Industry sector: Retail and wholesale

Architectural salvage: Market research

Doing some market research will help to make your cash flow forecasts as accurate as possible. It will also help you with many of the details of your business planning.


Think about who is likely to buy architectural salvage. You key customers will probably include:

  • home owners and collectors, particularly more affluent people who live in expensive period properties
  • building restoration specialists, general builders and property developers
  • interior designers, architects and landscapers
  • other dealers in architectural salvage, antiques and antiquities

Thinking about who your customers are likely to be will help you to plan what sort of things to stock and to set your prices appropriately. Find out about period properties in your region - this will help you identify the sort of items that local customers are likely to be looking for. Make sure also that you keep up with current trends in furniture, furnishings and interior design.

When you've identified your key customers you can focus your advertising and marketing efforts on them.

Establishing the level of competition

Once you have decided who your customers might be you need to find out how well they're already served.

How many other architectural salvage specialists are there in your area? A browse on (categories 'architectural antiques', 'salvage and reclamation', perhaps also 'demolition' and 'waste products reclaimers') and other similar directories will help to identify some of your competitors.

If you're hoping to sell nationally or even internationally, you could search the web to see who's already doing this. For example, if you intend to specialise in stained glass then you could search for 'architectural salvage stained glass' and follow some of the links that are returned in the search results. Check out eBay too to see who's selling what in the 'architectural antiques' section.

Look at some of your competitors' advertising material, including their website if they have one:

  • what sorts of salvage do they specialise in
  • what range of services do they offer
  • what do they charge for the sort of things you'll be selling
  • how extensive is their stock inventory and what is the quality like
  • do they advertise any special features - for example compliance with the Salvo code (a non-statutory voluntary code of practice)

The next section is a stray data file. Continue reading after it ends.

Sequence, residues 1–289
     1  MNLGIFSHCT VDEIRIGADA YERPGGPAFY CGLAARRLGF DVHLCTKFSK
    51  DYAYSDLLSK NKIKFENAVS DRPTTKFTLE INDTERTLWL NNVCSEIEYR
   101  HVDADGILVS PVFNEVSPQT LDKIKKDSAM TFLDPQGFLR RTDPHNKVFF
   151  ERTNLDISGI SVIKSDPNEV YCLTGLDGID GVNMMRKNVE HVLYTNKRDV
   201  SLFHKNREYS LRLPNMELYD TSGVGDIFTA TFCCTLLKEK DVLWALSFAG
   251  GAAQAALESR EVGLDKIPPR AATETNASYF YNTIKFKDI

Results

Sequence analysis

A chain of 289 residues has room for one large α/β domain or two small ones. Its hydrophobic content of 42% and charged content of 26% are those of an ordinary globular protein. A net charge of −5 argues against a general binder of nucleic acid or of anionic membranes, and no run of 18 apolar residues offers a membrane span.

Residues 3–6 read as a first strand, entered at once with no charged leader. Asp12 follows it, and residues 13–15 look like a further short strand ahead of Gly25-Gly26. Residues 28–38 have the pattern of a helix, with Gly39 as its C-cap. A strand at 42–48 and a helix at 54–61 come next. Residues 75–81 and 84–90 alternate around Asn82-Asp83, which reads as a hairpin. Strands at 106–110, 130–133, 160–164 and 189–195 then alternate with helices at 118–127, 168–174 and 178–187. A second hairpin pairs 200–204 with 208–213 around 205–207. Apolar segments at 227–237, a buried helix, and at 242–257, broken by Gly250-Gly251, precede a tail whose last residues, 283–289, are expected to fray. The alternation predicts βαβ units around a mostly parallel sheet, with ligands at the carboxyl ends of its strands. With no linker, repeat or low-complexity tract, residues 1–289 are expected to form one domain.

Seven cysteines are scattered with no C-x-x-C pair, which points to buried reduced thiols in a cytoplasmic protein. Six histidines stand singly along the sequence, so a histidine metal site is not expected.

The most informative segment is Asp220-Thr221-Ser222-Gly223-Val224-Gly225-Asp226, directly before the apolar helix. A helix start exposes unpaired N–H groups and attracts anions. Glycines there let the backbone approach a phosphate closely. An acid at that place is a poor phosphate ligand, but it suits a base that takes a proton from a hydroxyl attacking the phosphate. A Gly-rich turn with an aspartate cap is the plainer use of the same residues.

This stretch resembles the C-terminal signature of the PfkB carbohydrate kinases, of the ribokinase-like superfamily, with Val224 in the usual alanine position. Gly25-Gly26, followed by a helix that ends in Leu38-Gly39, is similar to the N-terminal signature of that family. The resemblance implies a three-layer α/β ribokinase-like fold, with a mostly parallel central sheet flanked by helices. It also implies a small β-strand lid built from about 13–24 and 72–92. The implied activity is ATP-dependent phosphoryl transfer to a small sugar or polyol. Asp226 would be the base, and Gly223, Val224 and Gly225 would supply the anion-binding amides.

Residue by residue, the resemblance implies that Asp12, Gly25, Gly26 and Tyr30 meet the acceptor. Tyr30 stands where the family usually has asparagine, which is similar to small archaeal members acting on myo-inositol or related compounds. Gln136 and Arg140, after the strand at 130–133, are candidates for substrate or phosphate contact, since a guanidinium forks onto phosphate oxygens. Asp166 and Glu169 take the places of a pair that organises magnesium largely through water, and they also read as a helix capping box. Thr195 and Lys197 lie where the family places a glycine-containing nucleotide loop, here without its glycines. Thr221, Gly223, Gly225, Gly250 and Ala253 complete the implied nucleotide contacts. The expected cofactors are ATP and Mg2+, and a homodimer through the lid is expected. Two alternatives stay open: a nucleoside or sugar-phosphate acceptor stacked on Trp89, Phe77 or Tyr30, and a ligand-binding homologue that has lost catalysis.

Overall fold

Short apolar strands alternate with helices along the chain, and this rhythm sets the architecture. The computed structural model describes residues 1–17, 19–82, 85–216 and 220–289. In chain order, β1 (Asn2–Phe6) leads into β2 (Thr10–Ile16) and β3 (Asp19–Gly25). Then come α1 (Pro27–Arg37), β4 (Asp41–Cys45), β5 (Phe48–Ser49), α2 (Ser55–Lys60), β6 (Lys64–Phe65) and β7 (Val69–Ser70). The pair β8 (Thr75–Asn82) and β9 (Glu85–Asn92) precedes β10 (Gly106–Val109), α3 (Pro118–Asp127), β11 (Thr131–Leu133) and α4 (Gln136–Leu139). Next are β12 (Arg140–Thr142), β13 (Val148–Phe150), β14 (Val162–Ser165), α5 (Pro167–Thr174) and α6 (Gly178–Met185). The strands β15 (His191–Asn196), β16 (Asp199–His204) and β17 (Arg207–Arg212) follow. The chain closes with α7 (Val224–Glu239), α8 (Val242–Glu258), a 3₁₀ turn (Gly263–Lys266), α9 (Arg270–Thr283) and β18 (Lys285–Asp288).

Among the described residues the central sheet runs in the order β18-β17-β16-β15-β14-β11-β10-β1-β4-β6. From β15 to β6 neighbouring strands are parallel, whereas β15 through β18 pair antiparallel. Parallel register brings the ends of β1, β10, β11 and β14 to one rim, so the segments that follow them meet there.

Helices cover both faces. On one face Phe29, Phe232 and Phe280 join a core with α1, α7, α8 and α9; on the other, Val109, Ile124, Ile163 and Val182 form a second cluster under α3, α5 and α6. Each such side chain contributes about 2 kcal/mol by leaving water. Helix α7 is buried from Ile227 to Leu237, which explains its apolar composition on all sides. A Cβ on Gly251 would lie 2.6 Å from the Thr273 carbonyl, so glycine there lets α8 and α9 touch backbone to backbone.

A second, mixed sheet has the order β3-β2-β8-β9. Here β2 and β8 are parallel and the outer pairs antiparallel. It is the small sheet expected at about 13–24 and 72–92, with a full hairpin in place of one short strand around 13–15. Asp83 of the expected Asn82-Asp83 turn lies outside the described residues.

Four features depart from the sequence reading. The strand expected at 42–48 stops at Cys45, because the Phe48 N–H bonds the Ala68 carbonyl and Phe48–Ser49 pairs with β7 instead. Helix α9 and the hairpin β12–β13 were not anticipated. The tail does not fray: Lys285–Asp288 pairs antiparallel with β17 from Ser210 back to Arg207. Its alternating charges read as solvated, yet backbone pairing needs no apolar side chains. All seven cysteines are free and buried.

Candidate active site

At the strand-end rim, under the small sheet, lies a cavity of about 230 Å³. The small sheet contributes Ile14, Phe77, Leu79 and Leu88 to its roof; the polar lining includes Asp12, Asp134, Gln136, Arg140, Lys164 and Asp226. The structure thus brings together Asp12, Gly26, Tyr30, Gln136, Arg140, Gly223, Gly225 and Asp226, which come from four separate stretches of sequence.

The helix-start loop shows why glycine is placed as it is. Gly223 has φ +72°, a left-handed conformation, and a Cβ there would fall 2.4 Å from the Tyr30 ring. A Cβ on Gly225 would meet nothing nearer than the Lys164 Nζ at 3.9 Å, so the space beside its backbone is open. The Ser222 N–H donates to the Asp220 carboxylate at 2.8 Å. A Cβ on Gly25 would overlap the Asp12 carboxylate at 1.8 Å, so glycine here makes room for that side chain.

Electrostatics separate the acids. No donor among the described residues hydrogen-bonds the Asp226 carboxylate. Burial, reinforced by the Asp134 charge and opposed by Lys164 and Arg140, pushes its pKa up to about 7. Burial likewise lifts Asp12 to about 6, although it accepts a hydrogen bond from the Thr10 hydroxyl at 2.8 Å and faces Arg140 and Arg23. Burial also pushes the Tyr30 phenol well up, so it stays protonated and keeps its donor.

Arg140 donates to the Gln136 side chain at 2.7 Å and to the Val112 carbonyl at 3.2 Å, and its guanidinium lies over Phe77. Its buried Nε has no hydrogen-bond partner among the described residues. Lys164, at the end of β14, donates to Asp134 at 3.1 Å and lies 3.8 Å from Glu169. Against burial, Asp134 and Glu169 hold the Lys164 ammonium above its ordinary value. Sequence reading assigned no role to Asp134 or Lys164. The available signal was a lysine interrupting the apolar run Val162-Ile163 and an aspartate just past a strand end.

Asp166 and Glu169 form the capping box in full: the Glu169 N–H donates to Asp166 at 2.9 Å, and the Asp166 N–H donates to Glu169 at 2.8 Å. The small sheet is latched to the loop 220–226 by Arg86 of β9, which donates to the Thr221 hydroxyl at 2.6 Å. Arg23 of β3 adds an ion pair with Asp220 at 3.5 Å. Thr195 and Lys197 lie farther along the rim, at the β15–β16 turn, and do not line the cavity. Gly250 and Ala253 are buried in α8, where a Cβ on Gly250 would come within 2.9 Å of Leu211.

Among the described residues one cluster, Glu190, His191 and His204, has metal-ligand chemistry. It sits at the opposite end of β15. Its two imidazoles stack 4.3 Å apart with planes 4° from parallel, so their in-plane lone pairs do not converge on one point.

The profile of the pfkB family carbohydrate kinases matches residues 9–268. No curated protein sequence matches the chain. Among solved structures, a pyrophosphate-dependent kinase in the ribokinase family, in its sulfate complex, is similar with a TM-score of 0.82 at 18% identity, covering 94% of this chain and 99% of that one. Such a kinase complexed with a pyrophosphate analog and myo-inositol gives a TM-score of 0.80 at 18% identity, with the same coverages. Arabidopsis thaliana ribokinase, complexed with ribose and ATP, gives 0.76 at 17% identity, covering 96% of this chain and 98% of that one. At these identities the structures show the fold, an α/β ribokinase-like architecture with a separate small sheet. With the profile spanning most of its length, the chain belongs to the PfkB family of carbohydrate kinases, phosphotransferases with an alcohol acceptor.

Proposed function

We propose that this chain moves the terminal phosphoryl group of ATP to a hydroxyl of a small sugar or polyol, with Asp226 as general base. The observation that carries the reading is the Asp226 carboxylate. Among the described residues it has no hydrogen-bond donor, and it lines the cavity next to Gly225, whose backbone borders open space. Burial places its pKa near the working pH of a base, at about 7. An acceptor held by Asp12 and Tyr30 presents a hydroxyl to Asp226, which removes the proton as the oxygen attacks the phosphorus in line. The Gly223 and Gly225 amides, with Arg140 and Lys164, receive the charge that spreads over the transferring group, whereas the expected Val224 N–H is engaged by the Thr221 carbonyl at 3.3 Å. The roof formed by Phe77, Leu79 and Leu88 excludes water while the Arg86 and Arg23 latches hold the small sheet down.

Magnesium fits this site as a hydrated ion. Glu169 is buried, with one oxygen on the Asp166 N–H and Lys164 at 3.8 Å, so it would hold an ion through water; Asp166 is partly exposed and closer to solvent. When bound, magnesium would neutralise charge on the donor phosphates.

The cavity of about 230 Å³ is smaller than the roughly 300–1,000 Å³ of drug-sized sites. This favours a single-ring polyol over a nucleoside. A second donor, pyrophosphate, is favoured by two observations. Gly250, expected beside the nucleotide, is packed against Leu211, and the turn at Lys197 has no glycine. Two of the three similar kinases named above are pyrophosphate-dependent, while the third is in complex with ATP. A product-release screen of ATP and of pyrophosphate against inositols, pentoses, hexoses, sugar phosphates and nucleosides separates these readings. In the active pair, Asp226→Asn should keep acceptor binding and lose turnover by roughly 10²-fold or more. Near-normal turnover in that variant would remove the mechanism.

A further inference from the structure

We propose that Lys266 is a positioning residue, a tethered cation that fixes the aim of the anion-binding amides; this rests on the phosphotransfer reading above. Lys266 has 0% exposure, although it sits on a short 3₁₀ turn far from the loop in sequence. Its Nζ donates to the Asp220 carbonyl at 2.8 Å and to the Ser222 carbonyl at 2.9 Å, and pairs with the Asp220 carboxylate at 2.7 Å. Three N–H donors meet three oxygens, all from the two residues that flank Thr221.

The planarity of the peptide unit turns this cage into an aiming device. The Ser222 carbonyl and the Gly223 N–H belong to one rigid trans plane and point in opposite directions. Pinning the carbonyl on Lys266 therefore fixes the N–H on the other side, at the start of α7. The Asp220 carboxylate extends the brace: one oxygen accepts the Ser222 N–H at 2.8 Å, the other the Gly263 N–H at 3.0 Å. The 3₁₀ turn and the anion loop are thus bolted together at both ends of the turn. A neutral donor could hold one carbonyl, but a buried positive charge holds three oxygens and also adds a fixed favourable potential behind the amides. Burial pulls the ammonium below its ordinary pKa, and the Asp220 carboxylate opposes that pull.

• what sort of impression does their advertisement give you (for example, does the firm come across as small and friendly, large and businesslike, good value, high quality)

Use the Record sheet to help you with this aspect of your market research.

Visit as many of your local competitors' outlets as you can. Spend time looking around at their stock and see how they've organised the outlet. Don't be afraid to borrow some of their good ideas!

Bear in mind that some local councils run their own salvage yards to help conserve local architectural features. While these are generally not run as businesses, they may be an additional source of competition if some of the items you stock are available from them.

Forming alliances

It can be advantageous to find out more about businesses in the area that might be prepared to pass on your details to their own clients. You could consider contacting builders who specialise in working on period properties, architects, designers, landscapers and so on. Demolition specialists may be prepared to tip you off if they discover something on a job that could be of interest. Ideally you'll build up close links with businesses that complement your own.

It can be beneficial to co-operate with other salvage yards in the area too. Sometimes they might be able to help you locate a difficult-to-find item - and you might be able to return the favour some other time. Maybe they'll point customers in your direction if they can't supply a particular item themselves. Perhaps they'll use some of the specialist services you offer. Also, day-trippers will be attracted to an area where there are several salvage yards and antiques dealers to visit - so everyone benefits. You also could consider working with local antique dealers to trade stock from time to time - you might sometimes acquire items that they are better placed to sell and vice versa.


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